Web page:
IN THE SMOG
The simple truth about Los Angeles sports (Apathy in Smogsville, Nov. 13) is that the well-known goose that laid the golden eggs has overexerted, hence the goose eggs at the box office. Too much of a good thing. There is an unemployment situation here (despite what the Department of Labor says), business is in the doldrums and the average fan feels that he can better enjoy a do-it-yourself sport, with less outlay of cash, than a spectator sport.
This is an article from the Dec. 4, 1961 issue
Besides all this, the modern Los Angeleno generally hails from out of state and consequently has very little civic pride. He's the man who still says he is "going home" when he leaves for a visit to his family in the East or Midwest. When the team from his home town comes to Los Angeles, then he may bestir himself and go to the game to cheer that team, not the LA team.
Usually I read your magazine just before going to bed, because it puts me to sleep. But after reading Apathy in Smogsville I just couldn't go to sleep until I told you what a lousy article it was.
If Roger Williams calls UCLA's 1960 record (7-2-1) a losing one, then I hope the Bruins have more losing seasons. In the future please don't print anything that will keep me up at night.
Beverly Hills, Calif.
Mr. Williams refers to a "ho-hum student attitude" at USC resulting in insufficient student attendance in our rooting section and causing us to cancel our traditional half-time card stunts. What he didn't know is that it has become our custom in the past few years to cancel the card stunts at one game per year to allow a collection to be taken in the stands for the support of Troy Camp, our student-sponsored summer camp for underprivileged children. Regarding attendance at the USC-Illinois game, our card section seats 3,200 students; 2,965 of the seats were filled.
Can you tell me of any other city in the entire United States that can match our two major league baseball teams, two fine universities, two pro basketball teams, one pro football team, literally hundreds of high school and junior college teams which participate in sports, fine facilities for baseball (Chavez Ravine), football (Coliseum—100,000), basketball (Sports Arena—40,000), etc., etc.? If Los Angeles isn't the sports capital of the world, then would you please tell me what city is?
We resent being called Smogsville.
Thanks for keeping us tennis buffs informed on the pros (The Kramer Cup Runneth All Over the Court, Nov. 20). However, if, as you predict, the Kramer Cup will supplant the Davis Cup I for one would like to know what it looks like.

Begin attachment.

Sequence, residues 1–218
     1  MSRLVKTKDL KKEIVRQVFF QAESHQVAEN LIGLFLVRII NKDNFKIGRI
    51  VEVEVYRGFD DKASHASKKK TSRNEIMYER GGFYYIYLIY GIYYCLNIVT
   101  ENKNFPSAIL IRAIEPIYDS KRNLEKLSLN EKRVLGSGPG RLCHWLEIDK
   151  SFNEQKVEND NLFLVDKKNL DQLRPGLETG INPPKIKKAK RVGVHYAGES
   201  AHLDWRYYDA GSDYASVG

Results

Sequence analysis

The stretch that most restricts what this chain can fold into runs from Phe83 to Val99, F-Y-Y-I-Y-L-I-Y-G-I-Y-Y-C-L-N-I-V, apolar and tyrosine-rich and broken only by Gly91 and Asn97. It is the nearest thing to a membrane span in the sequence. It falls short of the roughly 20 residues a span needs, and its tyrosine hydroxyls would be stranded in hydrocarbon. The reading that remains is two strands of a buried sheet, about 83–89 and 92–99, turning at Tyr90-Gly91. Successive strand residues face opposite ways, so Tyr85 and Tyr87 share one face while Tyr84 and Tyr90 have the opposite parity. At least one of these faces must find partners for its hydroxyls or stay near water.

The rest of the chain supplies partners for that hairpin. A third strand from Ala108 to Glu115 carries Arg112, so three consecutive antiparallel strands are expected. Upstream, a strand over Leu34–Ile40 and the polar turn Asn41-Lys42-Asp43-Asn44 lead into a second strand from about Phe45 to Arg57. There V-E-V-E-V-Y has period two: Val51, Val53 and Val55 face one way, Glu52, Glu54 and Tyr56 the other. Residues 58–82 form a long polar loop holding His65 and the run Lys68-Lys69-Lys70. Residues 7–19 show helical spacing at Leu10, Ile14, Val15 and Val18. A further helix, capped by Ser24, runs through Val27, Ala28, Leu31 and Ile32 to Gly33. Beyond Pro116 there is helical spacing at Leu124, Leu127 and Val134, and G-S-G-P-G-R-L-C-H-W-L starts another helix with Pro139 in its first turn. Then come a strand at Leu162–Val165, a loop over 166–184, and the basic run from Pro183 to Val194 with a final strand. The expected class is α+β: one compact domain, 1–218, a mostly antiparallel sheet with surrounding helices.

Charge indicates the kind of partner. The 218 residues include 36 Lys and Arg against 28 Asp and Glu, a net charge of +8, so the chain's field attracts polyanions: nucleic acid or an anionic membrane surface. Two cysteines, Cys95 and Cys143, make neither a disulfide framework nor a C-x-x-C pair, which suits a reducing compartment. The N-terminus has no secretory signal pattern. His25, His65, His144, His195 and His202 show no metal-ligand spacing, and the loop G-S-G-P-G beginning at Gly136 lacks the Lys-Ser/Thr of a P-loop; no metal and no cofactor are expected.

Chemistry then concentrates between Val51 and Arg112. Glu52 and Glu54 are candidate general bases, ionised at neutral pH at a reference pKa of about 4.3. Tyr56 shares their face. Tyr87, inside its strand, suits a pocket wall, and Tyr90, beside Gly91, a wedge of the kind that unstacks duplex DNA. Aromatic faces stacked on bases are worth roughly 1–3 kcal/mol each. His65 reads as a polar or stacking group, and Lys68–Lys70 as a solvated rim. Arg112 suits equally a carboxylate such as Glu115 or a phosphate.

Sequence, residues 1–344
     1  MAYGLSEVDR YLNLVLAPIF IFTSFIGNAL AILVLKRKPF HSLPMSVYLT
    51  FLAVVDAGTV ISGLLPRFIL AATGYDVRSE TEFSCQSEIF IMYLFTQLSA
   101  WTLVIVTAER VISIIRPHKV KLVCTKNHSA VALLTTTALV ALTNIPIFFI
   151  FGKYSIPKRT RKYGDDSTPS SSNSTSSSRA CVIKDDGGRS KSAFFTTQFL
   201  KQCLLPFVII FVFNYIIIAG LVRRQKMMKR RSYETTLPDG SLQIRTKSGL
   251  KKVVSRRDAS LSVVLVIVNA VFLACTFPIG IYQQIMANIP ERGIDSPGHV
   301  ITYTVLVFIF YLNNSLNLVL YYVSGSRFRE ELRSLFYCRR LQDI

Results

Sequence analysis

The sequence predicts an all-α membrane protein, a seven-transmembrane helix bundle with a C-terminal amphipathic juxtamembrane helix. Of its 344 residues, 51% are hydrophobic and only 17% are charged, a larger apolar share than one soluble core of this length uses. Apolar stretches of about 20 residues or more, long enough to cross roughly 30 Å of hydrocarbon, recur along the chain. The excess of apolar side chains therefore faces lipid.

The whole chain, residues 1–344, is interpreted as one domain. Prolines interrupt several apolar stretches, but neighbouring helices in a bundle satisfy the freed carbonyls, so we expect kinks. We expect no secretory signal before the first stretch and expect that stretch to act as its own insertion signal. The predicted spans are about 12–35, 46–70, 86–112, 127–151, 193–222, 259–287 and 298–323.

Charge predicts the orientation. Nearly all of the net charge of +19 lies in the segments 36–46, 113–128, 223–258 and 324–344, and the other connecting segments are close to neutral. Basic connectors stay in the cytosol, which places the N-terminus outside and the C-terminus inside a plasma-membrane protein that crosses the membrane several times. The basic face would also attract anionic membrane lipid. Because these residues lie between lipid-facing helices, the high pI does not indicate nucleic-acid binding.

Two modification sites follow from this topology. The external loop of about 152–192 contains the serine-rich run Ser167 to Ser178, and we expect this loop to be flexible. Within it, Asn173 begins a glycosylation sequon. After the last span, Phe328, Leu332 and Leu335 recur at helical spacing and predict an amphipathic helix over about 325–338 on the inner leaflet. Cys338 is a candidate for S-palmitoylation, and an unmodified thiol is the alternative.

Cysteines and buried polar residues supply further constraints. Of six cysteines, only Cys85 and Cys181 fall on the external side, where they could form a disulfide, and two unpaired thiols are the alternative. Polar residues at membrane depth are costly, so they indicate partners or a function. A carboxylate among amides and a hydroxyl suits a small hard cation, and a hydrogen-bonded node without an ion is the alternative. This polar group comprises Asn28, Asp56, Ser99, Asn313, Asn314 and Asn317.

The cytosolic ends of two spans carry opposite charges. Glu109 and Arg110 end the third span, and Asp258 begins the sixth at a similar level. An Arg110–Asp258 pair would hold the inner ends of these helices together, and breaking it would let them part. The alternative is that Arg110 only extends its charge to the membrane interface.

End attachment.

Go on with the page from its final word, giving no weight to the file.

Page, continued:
New York City
•For a view of the pro cup which stands 42 cm. high and cost $4,000, see above.—ED.
Your man Alfred Wright must have observed the Ohio State-Iowa game through Rose-(Bowl)-colored glasses (Two Big Decisions, Nov. 13). If Joe Sparma, or any other OSU quarterback, dared call a play on his own, Woody Hayes would give him 30 lashes and a revised "contract." At least 83,795 of us who were there know that Woody has sent in every play for the past two years.
E. WAYNE BALSER
We, the members of the Fergy Fan Club of Phillips Academy, cannot begin to express our gratitude for your recognition of Ohio State Fullback Bob Ferguson.
We have felt from the beginning of the year that Mr. Ferguson is the most awesome creature ever to slip into a gray-and-red OSU uniform—and your article, with the full-color action photograph accompanying it, more than sufficiently held up our belief.
GEORGE E. ANDREWS
In the future please don't refer to the Woody Hayes offense as "three-yards-and-a-cloud-of-dust" (SCORECARD, NOV. 20).
As any Ohio schoolboy could tell you, that adds up to a fourth-and-one situation after three running plays. And on a fourth down with only one yard to go Woody always punts.
GLENN A. JORDAN
After reading your article concerning isometric contraction (Get Strong Without Moving, Oct. 30), I decided to try this exercise. After just two weeks I find the results amazing. So far I have developed one rupture, one hernia, a dislocated elbow and a slipped disc. My chiropractor sends regards and wishes you to keep up the good work.
•You'd better keep an eye on that chiropractor. Meanwhile, for the proper—and painless—way to exercise isometrically, see page 34.—ED.
I have one question on your recent article, Don't Shoot Until I Open the Cage (Nov. 20).
If game-preserve shooting is called hunting, why even open the cage?
FOR DEAR OLD...
Rutgers University started playing football in 1869 by defeating Princeton in the first intercollegiate football game ever played. However, later that same year the Princeton Tigers inflicted a defeat on the Scarlet Knights, and ever since then Rutgers has been hoping for an undefeated season. There have been several near-misses. In 1924 Rutgers won its first seven games only to bow to Bucknell in Philadelphia in the rain and mud in the season's finale. In 1958 Rutgers again won its first seven games but lost to the Quantico Marines 13-12, while star tailback Billy Austin sat on the sidelines with a broken arm (Austin later was named to the AP All-America team). Last season the Scarlet Knights won their first five games but ran into a fired-up Villanova team, which beat them by a disheartening 14-12 count.
This season (Rutgers' 93rd in intercollegiate football) the Scarlet Knights have again run off eight games in a row. The only obstacle between the team and our first undefeated year is Columbia. Last year Rutgers beat Columbia by a score of 43-2. Thus Columbia will be out to avenge that defeat as well as to topple Rutgers from the ranks of the unbeaten. Rutgers will be up for the game not only because of the undefeated angle but also because Rutgers Coach John Bateman used to play and coach at Columbia under Lou Little. This game should be a natural.
MELVYN H. MOTOLINSKY
Highland Park, N.J.
•It was; see FOOTBALL'S WEEK, page 65.—ED.